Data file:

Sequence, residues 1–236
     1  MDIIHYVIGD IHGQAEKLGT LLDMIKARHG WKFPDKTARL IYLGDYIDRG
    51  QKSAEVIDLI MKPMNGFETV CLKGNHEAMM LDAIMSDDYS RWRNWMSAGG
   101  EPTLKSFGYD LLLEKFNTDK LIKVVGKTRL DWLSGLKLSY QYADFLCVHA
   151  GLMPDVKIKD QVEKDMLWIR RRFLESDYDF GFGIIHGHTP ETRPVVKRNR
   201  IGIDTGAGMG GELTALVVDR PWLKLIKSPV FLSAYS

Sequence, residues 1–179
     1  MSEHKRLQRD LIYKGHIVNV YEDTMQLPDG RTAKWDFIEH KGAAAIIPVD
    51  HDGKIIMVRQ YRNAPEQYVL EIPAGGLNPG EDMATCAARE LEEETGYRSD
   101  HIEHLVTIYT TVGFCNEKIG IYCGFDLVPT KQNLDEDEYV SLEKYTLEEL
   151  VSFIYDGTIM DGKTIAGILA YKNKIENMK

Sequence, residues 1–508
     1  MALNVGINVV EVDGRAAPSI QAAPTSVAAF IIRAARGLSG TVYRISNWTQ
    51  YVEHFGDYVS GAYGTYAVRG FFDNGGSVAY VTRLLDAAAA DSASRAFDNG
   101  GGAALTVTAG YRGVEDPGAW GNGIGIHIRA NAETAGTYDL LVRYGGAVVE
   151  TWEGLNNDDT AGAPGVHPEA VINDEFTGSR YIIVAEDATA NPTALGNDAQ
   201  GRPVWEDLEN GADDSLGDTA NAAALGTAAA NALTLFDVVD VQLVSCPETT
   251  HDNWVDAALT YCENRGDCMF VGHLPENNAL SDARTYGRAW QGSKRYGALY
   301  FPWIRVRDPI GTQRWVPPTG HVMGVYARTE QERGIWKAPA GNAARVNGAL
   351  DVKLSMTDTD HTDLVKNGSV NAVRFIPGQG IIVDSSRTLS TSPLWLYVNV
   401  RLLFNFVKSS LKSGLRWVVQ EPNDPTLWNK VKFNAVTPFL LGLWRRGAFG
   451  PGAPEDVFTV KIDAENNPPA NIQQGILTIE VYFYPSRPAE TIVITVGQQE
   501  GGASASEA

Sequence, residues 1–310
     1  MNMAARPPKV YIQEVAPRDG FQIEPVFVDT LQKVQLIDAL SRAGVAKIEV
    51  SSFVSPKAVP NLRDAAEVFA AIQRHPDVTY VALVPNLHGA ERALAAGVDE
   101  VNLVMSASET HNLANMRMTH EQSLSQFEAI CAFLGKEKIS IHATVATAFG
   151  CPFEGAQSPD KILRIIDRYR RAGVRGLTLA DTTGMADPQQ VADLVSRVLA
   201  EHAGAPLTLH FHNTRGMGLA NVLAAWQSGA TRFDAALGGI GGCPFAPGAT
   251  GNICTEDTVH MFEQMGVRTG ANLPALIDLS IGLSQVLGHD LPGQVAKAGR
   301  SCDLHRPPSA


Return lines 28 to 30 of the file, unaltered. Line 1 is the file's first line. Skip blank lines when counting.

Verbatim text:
   151  CPFEGAQSPD KILRIIDRYR RAGVRGLTLA DTTGMADPQQ VADLVSRVLA
   201  EHAGAPLTLH FHNTRGMGLA NVLAAWQSGA TRFDAALGGI GGCPFAPGAT
   251  GNICTEDTVH MFEQMGVRTG ANLPALIDLS IGLSQVLGHD LPGQVAKAGR